Our adjusted score is principally based on income and employment. Nonetheless, these two domains are major drivers of deprivation, especially in the Scottish IMD score. Moreover, removing domains from the IMD score has been shown to have minimal effect on the overall deprivation ranking (Adams and White, 2006). We do still capture other facets of deprivation, defined by the set of domains and indicators specific to each country, but the validity of their influence depends on the implicit assumption that the measures of deprivation above and beyond the income and employment domains are somehow equivalent, or at least correlated, between the different countries (Box 2). Given the association between Scottish IMD and income and employment is very strong, calculating adjusted IMD using Scotland as the baseline is quite robust to this assumption; that is, the influence of the non income or employment component is small. However, doing so for Wales, where the association is weaker and the non income or employment factors have a larger influence, may be less good. We must also bear in mind that there are some differences in the indices used to construct the income and employment domains across countries, as detailed in Box 1, although the major benefits are consistent. It is worth noting that, if the adjusted IMD is based solely on the income and employment domains alone, and the residual values are excluded from the calculation, this results in a notably weaker correlation with original IMD (Kendall’s tau 0.83, 0.88 and 0.82 for England, Northern Ireland and Wales respectively).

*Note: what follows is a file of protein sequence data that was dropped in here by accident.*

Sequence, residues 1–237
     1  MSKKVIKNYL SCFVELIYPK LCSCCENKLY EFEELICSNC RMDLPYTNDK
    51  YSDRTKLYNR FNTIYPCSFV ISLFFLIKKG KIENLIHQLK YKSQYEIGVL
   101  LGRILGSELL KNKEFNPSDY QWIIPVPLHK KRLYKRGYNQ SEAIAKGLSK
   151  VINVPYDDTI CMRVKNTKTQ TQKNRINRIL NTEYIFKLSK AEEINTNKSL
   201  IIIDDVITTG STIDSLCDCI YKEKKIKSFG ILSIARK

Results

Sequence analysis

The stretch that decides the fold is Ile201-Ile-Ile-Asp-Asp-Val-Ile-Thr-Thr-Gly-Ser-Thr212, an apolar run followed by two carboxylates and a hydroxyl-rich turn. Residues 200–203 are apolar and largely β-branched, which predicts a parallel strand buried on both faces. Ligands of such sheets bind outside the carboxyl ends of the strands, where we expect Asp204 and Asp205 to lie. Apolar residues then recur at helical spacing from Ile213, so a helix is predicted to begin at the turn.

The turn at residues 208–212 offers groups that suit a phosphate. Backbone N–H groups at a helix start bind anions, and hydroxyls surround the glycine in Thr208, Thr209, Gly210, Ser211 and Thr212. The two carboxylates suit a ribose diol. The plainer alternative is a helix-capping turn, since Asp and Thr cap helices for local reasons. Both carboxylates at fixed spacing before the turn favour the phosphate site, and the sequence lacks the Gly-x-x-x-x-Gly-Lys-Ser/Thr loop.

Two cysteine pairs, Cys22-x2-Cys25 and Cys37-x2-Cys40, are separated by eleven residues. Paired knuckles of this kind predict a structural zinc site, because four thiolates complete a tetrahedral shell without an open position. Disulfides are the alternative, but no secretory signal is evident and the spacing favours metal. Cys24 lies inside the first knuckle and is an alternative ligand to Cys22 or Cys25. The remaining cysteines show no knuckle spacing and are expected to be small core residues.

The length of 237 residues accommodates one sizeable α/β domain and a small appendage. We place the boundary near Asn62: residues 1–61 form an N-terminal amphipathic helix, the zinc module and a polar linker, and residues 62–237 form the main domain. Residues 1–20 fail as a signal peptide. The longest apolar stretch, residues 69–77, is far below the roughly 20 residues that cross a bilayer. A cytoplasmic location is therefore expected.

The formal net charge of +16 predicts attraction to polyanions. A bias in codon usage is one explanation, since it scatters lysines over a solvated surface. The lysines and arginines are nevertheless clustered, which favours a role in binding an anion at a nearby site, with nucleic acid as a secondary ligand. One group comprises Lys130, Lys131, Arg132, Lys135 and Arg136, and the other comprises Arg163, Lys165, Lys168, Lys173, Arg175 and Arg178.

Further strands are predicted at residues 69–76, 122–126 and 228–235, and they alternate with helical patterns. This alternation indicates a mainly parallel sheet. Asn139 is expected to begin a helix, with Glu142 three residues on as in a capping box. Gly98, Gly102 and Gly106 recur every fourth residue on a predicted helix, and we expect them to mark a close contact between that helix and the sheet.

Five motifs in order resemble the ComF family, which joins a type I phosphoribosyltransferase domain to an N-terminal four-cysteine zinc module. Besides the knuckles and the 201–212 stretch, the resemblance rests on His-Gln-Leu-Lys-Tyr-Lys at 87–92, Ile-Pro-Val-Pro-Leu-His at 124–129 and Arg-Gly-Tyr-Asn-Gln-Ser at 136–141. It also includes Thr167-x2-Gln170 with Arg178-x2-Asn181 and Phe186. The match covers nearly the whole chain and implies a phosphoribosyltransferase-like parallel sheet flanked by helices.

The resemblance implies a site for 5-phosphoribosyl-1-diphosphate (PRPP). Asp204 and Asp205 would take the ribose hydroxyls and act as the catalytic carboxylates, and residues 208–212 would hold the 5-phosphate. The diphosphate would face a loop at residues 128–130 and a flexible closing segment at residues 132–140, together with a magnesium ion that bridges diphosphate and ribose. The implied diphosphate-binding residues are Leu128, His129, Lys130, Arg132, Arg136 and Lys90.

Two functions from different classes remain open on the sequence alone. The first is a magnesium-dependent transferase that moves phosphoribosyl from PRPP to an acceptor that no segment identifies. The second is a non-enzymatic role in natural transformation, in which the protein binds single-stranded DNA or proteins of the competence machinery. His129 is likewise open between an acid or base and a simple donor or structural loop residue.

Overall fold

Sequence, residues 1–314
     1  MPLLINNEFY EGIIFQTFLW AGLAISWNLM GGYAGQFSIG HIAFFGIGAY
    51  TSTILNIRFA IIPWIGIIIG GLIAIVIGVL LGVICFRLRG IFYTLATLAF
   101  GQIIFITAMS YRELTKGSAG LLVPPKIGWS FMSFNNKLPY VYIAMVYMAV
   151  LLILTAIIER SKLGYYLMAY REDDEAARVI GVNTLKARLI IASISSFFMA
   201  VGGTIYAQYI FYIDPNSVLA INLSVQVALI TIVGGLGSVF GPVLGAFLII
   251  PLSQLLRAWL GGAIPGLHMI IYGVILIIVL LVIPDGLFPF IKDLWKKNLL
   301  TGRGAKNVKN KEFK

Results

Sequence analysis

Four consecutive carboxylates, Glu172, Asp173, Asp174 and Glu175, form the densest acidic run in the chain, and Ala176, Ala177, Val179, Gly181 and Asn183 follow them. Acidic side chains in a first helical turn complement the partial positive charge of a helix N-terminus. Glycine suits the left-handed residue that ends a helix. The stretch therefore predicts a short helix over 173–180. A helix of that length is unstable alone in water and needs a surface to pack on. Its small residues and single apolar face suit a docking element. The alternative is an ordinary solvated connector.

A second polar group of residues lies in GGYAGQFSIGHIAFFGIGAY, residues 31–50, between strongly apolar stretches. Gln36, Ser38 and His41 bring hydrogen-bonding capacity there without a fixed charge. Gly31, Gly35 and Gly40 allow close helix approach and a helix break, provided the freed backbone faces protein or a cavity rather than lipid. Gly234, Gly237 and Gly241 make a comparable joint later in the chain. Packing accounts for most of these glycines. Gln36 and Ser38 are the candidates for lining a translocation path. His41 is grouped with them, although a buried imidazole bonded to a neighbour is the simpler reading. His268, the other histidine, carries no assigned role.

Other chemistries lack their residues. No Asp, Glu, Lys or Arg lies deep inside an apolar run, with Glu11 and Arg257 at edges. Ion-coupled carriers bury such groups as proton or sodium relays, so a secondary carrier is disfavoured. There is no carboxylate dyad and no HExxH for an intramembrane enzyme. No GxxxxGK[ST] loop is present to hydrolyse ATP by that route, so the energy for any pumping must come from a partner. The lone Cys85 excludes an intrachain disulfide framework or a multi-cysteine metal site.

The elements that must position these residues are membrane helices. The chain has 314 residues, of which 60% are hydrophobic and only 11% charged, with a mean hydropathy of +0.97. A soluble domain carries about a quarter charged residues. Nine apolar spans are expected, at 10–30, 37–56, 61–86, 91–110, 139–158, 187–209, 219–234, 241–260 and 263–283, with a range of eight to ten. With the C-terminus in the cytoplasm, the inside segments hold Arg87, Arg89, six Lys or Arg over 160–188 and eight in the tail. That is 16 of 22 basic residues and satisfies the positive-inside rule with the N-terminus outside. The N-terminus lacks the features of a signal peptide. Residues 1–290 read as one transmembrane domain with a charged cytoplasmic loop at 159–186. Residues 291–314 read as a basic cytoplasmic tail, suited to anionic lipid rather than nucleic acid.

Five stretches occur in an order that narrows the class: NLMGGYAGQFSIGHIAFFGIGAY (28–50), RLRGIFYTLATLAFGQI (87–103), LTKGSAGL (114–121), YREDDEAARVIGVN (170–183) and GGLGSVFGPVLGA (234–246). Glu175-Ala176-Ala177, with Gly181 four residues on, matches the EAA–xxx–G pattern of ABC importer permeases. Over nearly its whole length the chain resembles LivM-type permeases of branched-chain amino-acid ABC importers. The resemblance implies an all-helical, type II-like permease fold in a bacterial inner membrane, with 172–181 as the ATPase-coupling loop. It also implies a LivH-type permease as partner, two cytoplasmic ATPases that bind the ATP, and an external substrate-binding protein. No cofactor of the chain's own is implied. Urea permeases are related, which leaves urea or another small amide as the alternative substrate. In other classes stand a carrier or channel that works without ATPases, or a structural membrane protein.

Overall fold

The change in ranking within countries is relatively small with our method; in particular, the change in the ranking of the most deprived quintile is minimal, although this is partly due to the greater spread of high deprivation scores compared to the more clustered nature of less deprived scores. This gives us confidence in the value of using the adjusted scores not only within countries, but also within the UK as a whole. Unfortunately, we are unable to further evaluate the accuracy of the adjusted scores across countries, as there is no UK-wide deprivation ‘gold standard’ against which to compare the adjusted scores. Using an alternative index such as Townsend or Carstairs is not necessarily appropriate, as these scores measure different aspects of deprivation to IMD. Thus, the differences between countries for Townsend, for instance, may not be consistent with the differences observed using IMD.